Curated by Matt Bodett
The prefix “dis-“ in the English language has meant “apart” since its early Latin roots. The artists in this exhibition challenge that prefix, instead showing us how “dis-“ can be a force of identity, empowerment, and community. In unique ways each artist has been an advocate for Disability rights in Chicago and the World. Whether it is through film, dance, visual art, poetry, or a myriad of other artistic media, these artists utilize their disability to commemorate the strengths which bind creative artistic output, personal experience, and radical aesthetics in an effort to disrupt exclusionary concepts.
Timotheus “TJ” Gordon Jr.
MOMENTA Dance Company
The CPC Gallery is now open to the public for in person visits Fridays & Saturdays 12-5 or by appointment!
Image ID: bolded text in red with the word DIS- plus text info with the dates of show (runs through June 26, with other info detailed above) overlaid onto a screenprint by Bri Beck based on Leonardo Da Vinci’s Vitruvian man, which depicts a man in two superimposed positions with his arms and legs apart and inscribed in a circle and square. The man is repeated using two colors: a faded lavender and a faded red. The arms and legs of the man are repeated in different positions but the man’s head and torso only appear twice, one vertical and one sideways.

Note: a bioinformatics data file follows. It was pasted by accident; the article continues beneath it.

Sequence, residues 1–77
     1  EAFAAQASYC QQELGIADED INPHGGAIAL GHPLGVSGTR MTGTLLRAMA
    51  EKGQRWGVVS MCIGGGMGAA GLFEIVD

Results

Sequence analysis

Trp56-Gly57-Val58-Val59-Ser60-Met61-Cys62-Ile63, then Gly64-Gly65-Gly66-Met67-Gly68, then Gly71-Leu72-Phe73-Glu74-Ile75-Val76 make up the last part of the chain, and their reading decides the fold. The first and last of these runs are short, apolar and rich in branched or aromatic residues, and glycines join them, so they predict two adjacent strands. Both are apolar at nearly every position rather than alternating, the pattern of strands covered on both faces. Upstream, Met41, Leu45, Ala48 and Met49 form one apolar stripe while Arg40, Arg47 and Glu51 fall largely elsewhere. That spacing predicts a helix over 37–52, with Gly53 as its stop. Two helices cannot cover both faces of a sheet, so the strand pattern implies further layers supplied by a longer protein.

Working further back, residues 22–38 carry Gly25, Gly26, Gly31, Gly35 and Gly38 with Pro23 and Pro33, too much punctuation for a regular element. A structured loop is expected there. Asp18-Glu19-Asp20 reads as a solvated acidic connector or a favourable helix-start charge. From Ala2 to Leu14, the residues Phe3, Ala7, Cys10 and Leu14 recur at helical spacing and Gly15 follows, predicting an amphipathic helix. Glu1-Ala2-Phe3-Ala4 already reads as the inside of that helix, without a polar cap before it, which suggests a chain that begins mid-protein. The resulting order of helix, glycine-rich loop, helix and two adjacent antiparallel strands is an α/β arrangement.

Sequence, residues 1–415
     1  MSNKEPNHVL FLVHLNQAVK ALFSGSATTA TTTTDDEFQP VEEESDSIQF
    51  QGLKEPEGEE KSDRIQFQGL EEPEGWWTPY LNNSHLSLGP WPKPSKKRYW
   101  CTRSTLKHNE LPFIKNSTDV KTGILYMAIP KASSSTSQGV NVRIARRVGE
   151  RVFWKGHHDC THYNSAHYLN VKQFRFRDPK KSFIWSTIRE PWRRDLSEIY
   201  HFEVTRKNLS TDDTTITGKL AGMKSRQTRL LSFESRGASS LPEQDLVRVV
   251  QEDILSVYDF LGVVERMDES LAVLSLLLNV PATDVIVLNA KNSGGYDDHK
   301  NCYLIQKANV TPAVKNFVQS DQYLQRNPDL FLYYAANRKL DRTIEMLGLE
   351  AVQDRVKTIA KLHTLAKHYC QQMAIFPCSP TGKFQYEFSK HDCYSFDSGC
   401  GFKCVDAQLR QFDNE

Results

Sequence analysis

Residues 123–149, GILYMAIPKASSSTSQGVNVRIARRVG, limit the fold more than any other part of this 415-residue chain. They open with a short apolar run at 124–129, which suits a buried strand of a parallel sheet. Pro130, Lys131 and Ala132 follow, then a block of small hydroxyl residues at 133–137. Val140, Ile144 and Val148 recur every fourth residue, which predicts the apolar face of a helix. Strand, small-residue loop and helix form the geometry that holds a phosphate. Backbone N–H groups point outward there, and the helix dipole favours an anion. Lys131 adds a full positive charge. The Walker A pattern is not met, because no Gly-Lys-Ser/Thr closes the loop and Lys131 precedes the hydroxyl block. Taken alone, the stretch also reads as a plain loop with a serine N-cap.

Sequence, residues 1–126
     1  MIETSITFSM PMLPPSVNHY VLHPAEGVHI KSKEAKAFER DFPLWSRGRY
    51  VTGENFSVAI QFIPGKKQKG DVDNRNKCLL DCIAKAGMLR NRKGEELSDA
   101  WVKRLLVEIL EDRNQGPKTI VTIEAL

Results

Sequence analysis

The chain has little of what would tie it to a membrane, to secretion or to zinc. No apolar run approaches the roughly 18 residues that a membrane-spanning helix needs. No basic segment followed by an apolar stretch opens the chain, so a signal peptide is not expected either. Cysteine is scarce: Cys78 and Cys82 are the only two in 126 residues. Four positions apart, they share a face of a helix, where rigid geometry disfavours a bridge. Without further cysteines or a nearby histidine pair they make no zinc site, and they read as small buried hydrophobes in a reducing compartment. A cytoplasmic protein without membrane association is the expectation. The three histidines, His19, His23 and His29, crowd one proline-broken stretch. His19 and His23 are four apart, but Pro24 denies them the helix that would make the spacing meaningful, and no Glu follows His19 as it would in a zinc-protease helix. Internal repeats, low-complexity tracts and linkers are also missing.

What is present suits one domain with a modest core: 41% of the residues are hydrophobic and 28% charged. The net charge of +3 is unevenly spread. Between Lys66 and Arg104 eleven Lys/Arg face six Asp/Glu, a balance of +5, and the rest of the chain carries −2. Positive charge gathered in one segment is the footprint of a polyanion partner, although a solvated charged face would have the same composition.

About the ShowHere's a peak at some of the work being featured in the exhibition:
MOMENTA Dance CompanyMIDNIGHT RIDE
Performed by Kris Lenzo
Music by Twenty One Pilots
Videography & Editing by Joe Kreml
Filmed in River Forest, Illinois
Riva LehrerZoom Portraits: Sharrona Pearl, mixed media and collage on illustration board, 22 x 60 inches, $10,000 ©2020